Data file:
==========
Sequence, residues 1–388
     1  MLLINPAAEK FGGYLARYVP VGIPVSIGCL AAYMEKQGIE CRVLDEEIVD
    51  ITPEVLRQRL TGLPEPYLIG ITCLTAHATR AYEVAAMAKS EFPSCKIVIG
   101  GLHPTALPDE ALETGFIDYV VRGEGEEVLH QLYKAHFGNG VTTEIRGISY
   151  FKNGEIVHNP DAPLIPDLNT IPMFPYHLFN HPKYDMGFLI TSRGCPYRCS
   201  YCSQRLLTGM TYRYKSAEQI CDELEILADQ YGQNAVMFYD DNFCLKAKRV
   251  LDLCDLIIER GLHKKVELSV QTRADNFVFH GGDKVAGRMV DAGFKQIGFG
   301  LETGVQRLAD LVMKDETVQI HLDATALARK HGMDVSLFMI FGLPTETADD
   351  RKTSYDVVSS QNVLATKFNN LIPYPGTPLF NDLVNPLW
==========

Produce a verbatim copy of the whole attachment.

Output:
Sequence, residues 1–388
     1  MLLINPAAEK FGGYLARYVP VGIPVSIGCL AAYMEKQGIE CRVLDEEIVD
    51  ITPEVLRQRL TGLPEPYLIG ITCLTAHATR AYEVAAMAKS EFPSCKIVIG
   101  GLHPTALPDE ALETGFIDYV VRGEGEEVLH QLYKAHFGNG VTTEIRGISY
   151  FKNGEIVHNP DAPLIPDLNT IPMFPYHLFN HPKYDMGFLI TSRGCPYRCS
   201  YCSQRLLTGM TYRYKSAEQI CDELEILADQ YGQNAVMFYD DNFCLKAKRV
   251  LDLCDLIIER GLHKKVELSV QTRADNFVFH GGDKVAGRMV DAGFKQIGFG
   301  LETGVQRLAD LVMKDETVQI HLDATALARK HGMDVSLFMI FGLPTETADD
   351  RKTSYDVVSS QNVLATKFNN LIPYPGTPLF NDLVNPLW